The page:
Taxing employer expenditures for health insurance is simply insane. The president's promise on health care reform was "If you like the insurance you have, you can keep it." So much for that. When you couple this with the plan to force people to buy health insurance, the net effect of this will be that most Americans will pay far more out of pocket for health care than they do today. Almost every private-sector employer will drop coverage.

Then there's the plan to steal from future retirees. When the Congress decided to open up the social security trust fund to finance profligate military spending in 1984, their critics said that they were ripping off retirees. Now, the deficit commission aims to prove these critics right. For years, the SSA has maintained that the non-marketable securities it holds are every bit as real as actual treasuries. Now, the deficit commission effectively wants to renege on these obligations by paying out less to generation x as they start to retire--the same people who will not have the benefit of the mortgage interest deduction, the same people who will be dropped by their employers, the same people who will be forced to buy their own insurance on the private market just as the baby boom becomes eligible for medicare.

We is screwn.

The folks in their late 30s and early 40s today will be the ones eating the catfood.
Read entry | Discuss (18 comments)
Posted by Alcibiades in Latest Breaking News
Mon Sep 27th 2010, 03:39 PM
I know we haven't spoken in a while, but it's me, your President. Remember how you helped me to become elected in 2008? God, that was awesome! I know I have not been returning your phone calls, that we still have 50,000 troops in Iraq, that the war in Afghanistan has become the longest in our nation's history, that I fought for a bill that would require you to buy health care coverage you probably will not need and certainly cannot afford, but we're in a real bind here: the Davids went over the numbers, and it's not looking good.

What, there's still combat in Iraq? Yeah, I hear you, but the combat mission is over! It's been accomplished, you see. Plus, we won't actually phase in penalties for not having health insurance until 2014. That's when you get the exchanges, and also get refundable and advanceable premium credits and cost sharing subsidies to eligible individuals and families with incomes between 133-400% FPL to purchase insurance. Hope you understood that. Is advanceable even a word? Boy, I hope it is. You're welcome! Now get out there to knock on doors and explain this stuff to elderly cranks who want you to get off their lawns.
Read entry | Discuss (10 comments)
Posted by Alcibiades in General Discussion: Presidency
Tue Sep 21st 2010, 03:23 PM
At the tea party events I've seen you do see many of the same homeschool fundie moms with their kids in homemade clothes you see at antiabortion events.

But the Moral Majority is not the wellspring of this culture: instead, it is related to it via a common ancestor: the traditional southerner, mainly of scots-irish origin. The common thread of "limited government" (a political theory term that does not appear in the constitution and has been hijacked by the TPM, BTW) comes directly down to them from the earliest days of the Republic:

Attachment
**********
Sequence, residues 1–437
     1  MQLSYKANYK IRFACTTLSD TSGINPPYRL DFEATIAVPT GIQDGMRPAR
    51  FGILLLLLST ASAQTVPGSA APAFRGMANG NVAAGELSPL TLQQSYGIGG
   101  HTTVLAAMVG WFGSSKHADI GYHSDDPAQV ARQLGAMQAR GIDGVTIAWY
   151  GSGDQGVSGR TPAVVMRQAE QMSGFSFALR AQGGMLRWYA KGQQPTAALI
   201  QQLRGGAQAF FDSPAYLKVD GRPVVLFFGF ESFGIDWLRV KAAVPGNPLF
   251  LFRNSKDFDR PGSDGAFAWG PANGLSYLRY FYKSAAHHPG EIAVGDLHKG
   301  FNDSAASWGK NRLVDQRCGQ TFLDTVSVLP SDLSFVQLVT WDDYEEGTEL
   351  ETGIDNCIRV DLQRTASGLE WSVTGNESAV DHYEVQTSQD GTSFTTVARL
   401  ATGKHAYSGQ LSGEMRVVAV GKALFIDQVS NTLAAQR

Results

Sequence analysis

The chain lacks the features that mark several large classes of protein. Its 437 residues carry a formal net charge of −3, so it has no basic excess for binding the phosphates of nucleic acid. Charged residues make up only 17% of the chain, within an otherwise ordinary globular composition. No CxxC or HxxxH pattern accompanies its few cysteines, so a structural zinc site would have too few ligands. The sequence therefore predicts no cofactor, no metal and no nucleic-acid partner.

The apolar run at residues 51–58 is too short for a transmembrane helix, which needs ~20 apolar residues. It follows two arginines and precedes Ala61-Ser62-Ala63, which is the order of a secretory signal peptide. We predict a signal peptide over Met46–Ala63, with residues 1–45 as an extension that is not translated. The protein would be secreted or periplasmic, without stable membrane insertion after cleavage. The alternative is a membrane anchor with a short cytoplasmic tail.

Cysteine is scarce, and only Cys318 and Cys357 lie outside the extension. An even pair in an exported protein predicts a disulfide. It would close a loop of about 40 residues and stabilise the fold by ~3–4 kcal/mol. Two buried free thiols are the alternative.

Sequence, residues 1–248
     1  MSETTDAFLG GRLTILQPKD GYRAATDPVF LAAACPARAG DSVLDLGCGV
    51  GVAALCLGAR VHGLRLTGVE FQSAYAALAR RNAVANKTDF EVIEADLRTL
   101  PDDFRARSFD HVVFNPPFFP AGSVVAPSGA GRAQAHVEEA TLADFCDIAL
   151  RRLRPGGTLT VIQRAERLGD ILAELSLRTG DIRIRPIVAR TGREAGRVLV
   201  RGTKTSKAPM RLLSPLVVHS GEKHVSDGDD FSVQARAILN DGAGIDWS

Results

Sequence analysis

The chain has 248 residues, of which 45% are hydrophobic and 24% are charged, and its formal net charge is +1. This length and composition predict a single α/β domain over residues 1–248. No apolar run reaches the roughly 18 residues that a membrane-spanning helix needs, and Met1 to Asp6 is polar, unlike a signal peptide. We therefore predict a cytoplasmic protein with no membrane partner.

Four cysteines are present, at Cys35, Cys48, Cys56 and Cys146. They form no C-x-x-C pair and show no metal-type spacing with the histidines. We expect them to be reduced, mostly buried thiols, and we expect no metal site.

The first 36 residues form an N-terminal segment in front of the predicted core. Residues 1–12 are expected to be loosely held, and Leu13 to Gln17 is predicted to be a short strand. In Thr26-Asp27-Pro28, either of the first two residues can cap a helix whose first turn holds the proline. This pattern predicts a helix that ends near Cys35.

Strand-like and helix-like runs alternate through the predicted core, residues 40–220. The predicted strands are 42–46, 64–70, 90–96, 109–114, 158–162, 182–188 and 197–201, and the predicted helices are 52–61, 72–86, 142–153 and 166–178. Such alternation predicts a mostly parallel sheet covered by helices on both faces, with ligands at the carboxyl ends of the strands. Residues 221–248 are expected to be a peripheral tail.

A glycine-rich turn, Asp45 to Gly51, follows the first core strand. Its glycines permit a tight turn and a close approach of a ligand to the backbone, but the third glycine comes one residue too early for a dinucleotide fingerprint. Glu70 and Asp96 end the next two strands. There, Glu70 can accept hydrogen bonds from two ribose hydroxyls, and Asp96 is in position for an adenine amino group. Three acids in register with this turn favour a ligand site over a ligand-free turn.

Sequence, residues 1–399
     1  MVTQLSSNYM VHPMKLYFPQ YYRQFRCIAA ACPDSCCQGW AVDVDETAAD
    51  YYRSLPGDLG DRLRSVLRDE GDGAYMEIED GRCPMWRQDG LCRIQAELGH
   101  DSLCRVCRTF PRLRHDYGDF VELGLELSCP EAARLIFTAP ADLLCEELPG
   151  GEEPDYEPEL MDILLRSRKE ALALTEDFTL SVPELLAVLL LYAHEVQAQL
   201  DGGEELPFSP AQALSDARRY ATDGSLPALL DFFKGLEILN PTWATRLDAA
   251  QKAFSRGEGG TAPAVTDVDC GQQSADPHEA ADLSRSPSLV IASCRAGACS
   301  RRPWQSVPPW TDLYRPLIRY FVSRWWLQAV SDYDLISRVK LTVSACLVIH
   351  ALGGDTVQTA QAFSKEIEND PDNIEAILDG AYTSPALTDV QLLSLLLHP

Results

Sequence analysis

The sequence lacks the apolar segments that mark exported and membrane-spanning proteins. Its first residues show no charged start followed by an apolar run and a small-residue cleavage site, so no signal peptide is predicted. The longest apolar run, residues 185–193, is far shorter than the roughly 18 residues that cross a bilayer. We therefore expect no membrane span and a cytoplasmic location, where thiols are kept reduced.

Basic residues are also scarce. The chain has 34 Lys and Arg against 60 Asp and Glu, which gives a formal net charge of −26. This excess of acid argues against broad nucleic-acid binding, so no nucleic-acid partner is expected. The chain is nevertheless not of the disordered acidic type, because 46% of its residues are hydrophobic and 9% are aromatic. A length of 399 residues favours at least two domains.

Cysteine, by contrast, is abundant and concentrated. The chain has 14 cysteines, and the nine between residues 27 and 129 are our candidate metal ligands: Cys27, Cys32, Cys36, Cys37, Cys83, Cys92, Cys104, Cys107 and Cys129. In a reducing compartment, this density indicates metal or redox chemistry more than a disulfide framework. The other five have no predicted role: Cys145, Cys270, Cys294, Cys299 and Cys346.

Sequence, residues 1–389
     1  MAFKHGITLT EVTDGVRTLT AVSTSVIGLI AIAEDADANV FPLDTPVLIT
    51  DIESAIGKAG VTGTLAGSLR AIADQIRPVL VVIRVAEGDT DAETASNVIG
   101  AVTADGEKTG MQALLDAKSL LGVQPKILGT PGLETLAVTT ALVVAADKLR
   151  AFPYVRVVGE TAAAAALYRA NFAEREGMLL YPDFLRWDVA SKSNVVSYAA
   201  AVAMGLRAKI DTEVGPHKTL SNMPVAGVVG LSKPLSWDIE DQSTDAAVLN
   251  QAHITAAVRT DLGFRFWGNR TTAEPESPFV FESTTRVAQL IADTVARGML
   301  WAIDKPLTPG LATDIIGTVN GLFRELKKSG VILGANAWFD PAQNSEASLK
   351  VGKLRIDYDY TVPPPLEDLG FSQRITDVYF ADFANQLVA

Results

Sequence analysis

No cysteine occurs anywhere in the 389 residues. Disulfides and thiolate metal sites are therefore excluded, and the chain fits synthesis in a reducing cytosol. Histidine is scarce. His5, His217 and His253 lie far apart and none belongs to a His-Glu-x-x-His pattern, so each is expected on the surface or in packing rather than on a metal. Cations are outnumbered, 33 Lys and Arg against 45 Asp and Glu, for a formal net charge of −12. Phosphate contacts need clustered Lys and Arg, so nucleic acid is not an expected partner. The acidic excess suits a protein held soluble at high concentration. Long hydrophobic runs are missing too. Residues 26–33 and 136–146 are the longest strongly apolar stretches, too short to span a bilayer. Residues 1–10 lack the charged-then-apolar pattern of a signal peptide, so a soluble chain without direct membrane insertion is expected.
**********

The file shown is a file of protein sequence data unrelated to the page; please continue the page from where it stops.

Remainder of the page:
Antifederalists: Mainly Southerners, pro-slavery, against the Constitution, against the strong federal government it would establish, supporters of the Articles of Confederation, which at that point had already left the nation a shambles.

Most of these same people opposed the policies of Alex Hamilton, under Geo Washington, in the creation of the First Bank of the United States, a conflict won decisively by the Federalists, establishing a private bank to act as the central bank of the US (and if Congress can do that, it can effectively do anything under the commerce and necessary and proper clauses).

These folks become "Republicans," i.e. the party of Jefferson. Part and parcel of their ideology was a belief that political democracy was undergird by a social democracy, in the sense that political equality was partly a result of the self-sufficient nature of the people, who mainly existed as agriculturalists on free or cheap land. These folks, it was thought, wouldn't need much in the way of government, though they wouldn't object if the government did something wacky like buying huge parcels of land, forcibly removing the people who really owned it, and giving it to white people to farm with the slaves they "owned."

Fast forward to the Nullification Crisis and John C. Calhoun. Same people, same ideology. Calhoun claimed that "state sovereignty" meant states had retained the right to nullify federal law (sound familiar?) He claimed that the states created the US, and therefore retained rights such as nullification: more radical voices wanted secession. The hyperbole of the nullifiers and secessionists is their main link to the TPM today.

Secessionists in the south: same people.

The period after reconstruction is often given short shrift, and I'll do so again, here: basically the theme that government is the friend of the negro, and that the negro is bad, and so government is bad, and will work with the aid of corrupt persons to aid the lazy and shiftless negro is established. This has been a major cultural and political theme of these people for decades: in this, the Moral Majority and TPM are the same.